The Dartmouth Conference of 1956 is considered by many to the be the birth of artificial intelligence. AI researches went forward from there confident that machines that could think like humans were just around the corner. That was 60 years ago; and while artificial intelligence has come a long way since then, we’re still not seeing machines that can truly think like humans do. Today researchers are once again hopeful that true artificial intelligence (an oxymoron if ever there was one) is within reach. But are we any closer than researchers were in the 50s? Here’s a look at some of the recent accomplishments, and setbacks that AI researchers are experiencing.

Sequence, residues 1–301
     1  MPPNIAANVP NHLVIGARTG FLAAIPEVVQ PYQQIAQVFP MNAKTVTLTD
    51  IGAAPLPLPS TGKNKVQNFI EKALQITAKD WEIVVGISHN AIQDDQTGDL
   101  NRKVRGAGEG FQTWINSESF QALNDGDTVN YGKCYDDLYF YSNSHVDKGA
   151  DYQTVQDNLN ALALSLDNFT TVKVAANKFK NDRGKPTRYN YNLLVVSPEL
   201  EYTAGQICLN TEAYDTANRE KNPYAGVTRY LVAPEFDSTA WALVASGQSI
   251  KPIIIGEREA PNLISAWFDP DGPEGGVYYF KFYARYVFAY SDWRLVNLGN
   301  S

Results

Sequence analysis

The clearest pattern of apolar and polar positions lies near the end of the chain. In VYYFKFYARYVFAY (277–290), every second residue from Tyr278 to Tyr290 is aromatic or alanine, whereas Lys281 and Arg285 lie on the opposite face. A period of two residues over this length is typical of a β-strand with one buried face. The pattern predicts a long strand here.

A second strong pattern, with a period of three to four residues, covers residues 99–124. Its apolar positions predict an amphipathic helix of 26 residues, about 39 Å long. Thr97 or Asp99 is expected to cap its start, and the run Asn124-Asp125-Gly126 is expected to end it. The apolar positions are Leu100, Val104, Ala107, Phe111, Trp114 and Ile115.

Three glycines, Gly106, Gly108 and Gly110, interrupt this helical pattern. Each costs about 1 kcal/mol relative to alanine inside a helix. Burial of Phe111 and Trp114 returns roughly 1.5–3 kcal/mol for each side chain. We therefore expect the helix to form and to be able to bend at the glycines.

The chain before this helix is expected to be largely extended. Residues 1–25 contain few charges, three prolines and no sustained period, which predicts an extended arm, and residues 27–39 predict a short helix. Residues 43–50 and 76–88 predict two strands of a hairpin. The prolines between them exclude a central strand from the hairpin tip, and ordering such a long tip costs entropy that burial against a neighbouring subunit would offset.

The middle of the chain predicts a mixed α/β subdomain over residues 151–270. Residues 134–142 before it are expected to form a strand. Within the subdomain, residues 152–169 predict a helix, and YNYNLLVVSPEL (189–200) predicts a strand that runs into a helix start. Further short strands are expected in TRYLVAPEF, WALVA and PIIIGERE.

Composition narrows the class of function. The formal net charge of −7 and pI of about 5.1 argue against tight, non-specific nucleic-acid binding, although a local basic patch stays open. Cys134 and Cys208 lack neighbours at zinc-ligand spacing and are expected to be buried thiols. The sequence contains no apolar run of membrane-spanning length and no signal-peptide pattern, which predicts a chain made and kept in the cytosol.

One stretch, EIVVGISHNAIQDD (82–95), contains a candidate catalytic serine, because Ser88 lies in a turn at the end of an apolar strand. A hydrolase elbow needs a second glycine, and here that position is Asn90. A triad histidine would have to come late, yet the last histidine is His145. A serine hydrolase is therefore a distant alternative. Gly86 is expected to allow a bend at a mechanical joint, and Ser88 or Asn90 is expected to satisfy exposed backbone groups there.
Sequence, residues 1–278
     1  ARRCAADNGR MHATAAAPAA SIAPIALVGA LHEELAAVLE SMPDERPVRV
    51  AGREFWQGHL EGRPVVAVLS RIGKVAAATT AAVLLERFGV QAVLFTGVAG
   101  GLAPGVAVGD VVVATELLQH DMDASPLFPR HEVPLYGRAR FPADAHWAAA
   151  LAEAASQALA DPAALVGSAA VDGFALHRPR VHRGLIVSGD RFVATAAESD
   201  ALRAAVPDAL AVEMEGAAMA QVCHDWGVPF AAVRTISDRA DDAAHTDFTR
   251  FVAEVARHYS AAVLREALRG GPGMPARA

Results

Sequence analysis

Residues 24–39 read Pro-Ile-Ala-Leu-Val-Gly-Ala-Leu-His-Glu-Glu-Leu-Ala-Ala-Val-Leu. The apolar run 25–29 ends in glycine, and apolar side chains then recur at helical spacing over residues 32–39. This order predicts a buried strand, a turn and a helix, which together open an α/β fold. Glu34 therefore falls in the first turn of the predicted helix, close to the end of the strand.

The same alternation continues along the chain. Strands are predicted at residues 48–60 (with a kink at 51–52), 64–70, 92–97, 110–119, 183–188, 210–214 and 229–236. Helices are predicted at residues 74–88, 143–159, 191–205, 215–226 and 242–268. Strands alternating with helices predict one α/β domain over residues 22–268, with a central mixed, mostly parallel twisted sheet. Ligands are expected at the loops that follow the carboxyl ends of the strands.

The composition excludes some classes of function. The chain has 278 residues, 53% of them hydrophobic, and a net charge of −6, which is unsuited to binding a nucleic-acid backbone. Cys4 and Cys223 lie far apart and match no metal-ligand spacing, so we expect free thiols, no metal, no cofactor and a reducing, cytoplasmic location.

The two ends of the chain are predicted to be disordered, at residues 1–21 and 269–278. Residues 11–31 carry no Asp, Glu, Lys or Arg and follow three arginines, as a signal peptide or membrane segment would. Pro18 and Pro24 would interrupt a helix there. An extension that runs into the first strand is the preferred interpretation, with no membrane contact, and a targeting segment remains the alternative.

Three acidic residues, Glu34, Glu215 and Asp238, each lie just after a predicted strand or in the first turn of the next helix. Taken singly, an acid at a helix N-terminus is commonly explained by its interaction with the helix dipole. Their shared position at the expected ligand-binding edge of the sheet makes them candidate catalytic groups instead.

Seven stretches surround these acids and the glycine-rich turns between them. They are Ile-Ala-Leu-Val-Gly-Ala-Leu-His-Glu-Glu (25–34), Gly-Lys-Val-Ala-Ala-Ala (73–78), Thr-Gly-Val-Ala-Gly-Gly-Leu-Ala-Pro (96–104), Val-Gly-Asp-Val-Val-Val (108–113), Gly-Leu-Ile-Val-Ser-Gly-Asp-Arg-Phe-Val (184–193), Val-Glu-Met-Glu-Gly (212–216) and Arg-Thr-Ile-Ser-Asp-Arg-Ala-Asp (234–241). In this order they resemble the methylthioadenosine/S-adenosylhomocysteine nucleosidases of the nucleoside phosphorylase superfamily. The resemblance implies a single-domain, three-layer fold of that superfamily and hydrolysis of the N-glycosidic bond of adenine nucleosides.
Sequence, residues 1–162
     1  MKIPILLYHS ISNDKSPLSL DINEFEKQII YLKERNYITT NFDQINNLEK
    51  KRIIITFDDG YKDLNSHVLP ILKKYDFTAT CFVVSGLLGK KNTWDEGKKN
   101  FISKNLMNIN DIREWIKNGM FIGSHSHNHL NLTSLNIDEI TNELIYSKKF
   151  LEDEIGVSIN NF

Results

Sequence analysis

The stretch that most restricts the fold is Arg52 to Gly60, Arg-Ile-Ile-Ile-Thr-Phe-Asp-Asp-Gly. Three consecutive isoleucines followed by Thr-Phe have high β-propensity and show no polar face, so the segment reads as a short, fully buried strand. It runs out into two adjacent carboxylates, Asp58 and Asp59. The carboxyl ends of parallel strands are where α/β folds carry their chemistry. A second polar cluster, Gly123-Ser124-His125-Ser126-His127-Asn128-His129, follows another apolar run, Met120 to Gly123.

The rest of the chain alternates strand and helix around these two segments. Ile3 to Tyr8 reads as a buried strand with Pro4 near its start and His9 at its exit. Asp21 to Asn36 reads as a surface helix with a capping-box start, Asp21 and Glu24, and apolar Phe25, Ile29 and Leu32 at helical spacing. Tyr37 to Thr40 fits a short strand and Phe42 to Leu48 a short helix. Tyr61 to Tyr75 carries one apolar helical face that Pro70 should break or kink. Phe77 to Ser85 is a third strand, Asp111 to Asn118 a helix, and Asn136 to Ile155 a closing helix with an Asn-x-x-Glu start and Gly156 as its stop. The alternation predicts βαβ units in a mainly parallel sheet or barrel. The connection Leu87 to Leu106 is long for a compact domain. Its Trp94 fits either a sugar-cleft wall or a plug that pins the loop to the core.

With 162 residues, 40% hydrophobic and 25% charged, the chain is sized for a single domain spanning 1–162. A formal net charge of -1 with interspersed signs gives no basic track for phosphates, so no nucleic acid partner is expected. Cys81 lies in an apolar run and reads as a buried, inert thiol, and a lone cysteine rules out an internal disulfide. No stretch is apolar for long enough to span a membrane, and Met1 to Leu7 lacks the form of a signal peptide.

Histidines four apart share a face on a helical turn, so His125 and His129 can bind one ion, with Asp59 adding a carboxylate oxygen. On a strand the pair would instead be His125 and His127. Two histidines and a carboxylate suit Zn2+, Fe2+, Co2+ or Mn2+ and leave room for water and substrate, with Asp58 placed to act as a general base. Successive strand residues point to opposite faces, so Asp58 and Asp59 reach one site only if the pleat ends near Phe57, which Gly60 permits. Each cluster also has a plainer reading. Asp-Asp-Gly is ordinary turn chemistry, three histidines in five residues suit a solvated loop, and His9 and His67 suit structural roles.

AI have mastered certain tasks
Where we’re seeing the biggest advancements in AI is computers that can do one thing extremely well. In the near future, we could see some jobs completely disappear as they are outsourced to machines that can do those same jobs much more efficiently and safely. We could be facing a labor displacement of a magnitude that hasn’t been seen since the industrial revolution.
Teaching AI to learn
While AI can be programmed to do certain tasks very well, a major hang up that researchers face is that they can’t teach AI to learn to do other things. All “learning” requires some kind of input from researchers. But humans could be placed in a room by themselves and can learn all on their own. This is called predictive learning or unsupervised learning and it’s an important key to solving the riddle of true artificial intelligence. For now, the big hurdle standing in the way of truly intelligent machines is the ability to teach them common sense, something humans are simply born with.
Source: Wall Street Journal